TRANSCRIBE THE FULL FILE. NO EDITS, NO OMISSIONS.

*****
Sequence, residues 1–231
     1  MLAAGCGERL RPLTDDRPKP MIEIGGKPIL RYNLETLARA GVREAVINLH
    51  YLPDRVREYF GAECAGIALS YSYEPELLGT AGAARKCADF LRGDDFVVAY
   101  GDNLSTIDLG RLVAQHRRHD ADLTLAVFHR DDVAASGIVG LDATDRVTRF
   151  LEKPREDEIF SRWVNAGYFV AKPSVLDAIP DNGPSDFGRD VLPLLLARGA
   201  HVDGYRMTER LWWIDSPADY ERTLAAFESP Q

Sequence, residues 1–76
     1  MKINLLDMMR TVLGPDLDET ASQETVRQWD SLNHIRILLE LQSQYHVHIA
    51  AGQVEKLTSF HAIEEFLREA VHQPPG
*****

Sequence, residues 1–231
     1  MLAAGCGERL RPLTDDRPKP MIEIGGKPIL RYNLETLARA GVREAVINLH
    51  YLPDRVREYF GAECAGIALS YSYEPELLGT AGAARKCADF LRGDDFVVAY
   101  GDNLSTIDLG RLVAQHRRHD ADLTLAVFHR DDVAASGIVG LDATDRVTRF
   151  LEKPREDEIF SRWVNAGYFV AKPSVLDAIP DNGPSDFGRD VLPLLLARGA
   201  HVDGYRMTER LWWIDSPADY ERTLAAFESP Q

Sequence, residues 1–76
     1  MKINLLDMMR TVLGPDLDET ASQETVRQWD SLNHIRILLE LQSQYHVHIA
    51  AGQVEKLTSF HAIEEFLREA VHQPPG